Avaiyah was born with an unexpected diagnosis of Down Syndrome which led to many medical complexities. This included an ostomy bag, open heart surgery at the start of the pandemic in 2020 and feeding issues since birth which led to a g-tube which she continues to use as her sole source of nutrition. Today Avaiyah is thriving in Senior Kindergarten after various therapies and complex care.

Tanya’s husband Michael was born with sickle cell disease and in 2019 suffered from near fatal blood clots in his lung as a complication of his disease and further to that was diagnosed with severe depression. Tanya continues to help Michael navigate the medical system along with general care.

Tanya’s passion remains with helping others and in the last two years has been facilitating online support groups for caregivers for the Ontario Caregiver Organization. Recently she has co-created a peer to peer support group for families with members who have feeding tubes in Ontario. Using her life experience and training Tanya has engaged in coaching groups in helping others reach their goals through positive solutions, gaining confidence and over coming obstacles.

Tanya’s belief in telling her story to help others has led her to being interviewed for TVO the Agenda, speaking at conferences, yearly speaking engagements to upcoming Fanshawe graduates in the Autism and DSW program and most recently recording a podcast “Time to Talk” with CTV host Michelle Jobin in relation to culture, caregiving, mental health and helping other caregivers.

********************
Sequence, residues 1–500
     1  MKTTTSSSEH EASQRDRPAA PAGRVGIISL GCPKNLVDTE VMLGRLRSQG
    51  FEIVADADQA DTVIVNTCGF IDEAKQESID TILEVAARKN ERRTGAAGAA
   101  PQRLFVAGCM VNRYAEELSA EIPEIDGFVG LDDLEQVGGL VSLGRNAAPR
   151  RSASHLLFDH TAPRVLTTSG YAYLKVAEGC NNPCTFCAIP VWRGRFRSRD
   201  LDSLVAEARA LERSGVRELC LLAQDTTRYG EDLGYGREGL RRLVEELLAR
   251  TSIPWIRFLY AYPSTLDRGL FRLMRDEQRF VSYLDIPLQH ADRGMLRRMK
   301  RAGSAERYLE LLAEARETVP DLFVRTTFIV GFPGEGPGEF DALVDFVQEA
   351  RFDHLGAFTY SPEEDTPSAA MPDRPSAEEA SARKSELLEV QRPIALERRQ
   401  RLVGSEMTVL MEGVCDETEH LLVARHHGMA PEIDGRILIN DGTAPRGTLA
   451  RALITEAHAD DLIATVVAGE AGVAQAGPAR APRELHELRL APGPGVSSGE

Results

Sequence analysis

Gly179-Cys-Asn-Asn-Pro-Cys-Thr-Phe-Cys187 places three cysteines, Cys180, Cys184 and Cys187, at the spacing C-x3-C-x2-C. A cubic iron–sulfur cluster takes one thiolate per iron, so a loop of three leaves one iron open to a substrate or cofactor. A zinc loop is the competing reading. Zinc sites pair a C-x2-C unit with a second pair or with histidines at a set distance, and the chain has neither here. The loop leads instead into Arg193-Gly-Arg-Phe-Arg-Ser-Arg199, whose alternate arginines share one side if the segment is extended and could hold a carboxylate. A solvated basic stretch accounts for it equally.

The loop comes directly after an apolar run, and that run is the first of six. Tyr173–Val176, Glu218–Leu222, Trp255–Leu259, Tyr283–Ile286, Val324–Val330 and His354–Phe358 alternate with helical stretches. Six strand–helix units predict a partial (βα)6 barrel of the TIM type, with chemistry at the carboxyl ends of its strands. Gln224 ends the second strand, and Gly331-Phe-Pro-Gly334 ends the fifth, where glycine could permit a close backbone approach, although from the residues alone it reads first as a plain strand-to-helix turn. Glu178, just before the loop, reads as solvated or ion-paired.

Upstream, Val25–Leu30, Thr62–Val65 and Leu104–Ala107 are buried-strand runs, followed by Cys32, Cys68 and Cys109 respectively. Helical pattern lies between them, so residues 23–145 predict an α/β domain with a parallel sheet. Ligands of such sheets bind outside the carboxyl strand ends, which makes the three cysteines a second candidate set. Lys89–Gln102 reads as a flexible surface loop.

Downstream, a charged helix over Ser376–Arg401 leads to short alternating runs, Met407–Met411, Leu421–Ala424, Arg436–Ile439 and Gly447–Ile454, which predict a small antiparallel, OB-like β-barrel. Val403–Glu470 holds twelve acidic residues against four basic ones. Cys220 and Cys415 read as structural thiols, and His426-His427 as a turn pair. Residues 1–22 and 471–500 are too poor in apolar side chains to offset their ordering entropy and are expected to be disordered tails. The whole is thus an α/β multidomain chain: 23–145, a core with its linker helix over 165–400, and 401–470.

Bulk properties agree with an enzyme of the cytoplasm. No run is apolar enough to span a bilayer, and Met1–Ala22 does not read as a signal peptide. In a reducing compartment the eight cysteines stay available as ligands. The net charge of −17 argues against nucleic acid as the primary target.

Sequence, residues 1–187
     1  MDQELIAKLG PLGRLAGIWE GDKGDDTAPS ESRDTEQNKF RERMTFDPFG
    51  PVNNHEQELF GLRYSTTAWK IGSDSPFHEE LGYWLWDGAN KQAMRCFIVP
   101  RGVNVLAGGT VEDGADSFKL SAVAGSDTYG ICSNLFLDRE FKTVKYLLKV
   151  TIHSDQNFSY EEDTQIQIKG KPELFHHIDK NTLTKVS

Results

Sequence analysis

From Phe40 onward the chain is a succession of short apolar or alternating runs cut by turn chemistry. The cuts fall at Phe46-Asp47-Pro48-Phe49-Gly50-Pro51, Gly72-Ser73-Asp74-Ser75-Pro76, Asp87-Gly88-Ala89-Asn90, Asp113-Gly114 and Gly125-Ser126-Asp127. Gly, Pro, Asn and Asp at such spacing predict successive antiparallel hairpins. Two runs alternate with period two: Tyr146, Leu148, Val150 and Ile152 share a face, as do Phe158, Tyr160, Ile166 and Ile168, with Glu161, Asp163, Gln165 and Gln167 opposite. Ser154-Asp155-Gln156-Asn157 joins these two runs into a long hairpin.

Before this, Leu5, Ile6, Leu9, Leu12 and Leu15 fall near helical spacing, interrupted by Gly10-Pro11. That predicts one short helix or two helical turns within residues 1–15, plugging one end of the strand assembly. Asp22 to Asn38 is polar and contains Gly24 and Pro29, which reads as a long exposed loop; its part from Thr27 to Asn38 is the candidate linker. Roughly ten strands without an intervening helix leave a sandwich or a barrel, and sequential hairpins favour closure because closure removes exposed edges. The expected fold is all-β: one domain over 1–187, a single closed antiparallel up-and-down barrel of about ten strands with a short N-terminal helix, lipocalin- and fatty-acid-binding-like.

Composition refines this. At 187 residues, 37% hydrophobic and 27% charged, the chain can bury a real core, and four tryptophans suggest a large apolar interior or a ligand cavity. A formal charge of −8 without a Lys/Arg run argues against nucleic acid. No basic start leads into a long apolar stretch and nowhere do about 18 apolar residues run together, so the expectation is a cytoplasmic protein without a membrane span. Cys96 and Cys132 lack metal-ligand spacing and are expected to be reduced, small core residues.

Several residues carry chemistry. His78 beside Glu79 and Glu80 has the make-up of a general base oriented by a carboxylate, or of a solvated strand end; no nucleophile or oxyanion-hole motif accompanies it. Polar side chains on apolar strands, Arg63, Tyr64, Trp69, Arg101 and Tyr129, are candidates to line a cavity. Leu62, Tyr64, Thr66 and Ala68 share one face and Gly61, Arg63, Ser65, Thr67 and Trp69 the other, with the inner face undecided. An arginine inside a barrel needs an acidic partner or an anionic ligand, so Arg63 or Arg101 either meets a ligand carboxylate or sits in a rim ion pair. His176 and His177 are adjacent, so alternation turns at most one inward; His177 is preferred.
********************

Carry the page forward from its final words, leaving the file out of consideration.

vanbakel_200x200.jpgDanielle Van Bakel

Danielle was a teacher for many years before transitioning into the role of Parent Mentor at TVCC (Thames Valley Children's Centre), where she supports families of children with disabilities navigate the education system.

Danielle and her husband, Jeff, have four children. Their third child, nine-year-old Freddie, was born with a rare genetic condition similar to cerebral palsy. Over the course of those 9 years, their family has loved and supported one another through surgeries and recoveries, new diagnoses and therapies, sibling relationships, school and friends, paperwork, and learning to move through the world with multiple sets of wheels.

In 2019, Danielle self-published a children's book titled "Angus: Superhero Extraordinaire," with a focus on disability representation, and she continues to work on writing that respects and reflects the world of childhood disability. Danielle believes that childhood imagination is a remarkable thing, and that representation in storytelling is vital for increasing understanding, removing stigmas and barriers, and opening up opportunities for inclusion.

In her spare time, Danielle loves to read, hike, and putter about in her garden.

Conference Proceedings

  • 9:00 a.m. – Official Start and Welcome
  • 9:20 a.m. – Session 1: Panel Presentations
  • 10:20 a.m. – Break
  • 10:35 a.m. – Session 2: Morning Presentation Clusters (breakout sessions)
  • 11:50 a.m. – Session 3: Poster Teaser Session
  • 12:10 p.m. – Lunch
  • 12:45 p.m. – Session 4: Activities and Networking
  • 1:20 p.m. – Session 5: Presentation Clusters
  • 2:30 p.m. – Break
  • 2:40 p.m. – Session 6: Keynote Address
  • 3:40 p.m. – Final Thoughts for the Day, Door Prizes
  • 3:45 p.m. – END

Additional Information

For more information about this event, contact:

Faculty of Health Sciences

Roberta Bgeginski
Research Officer
519-661-2111 ext. 84736


Carrie Connell (event inquiries)
Education and Program Coordinator 
519-685-8700 x53367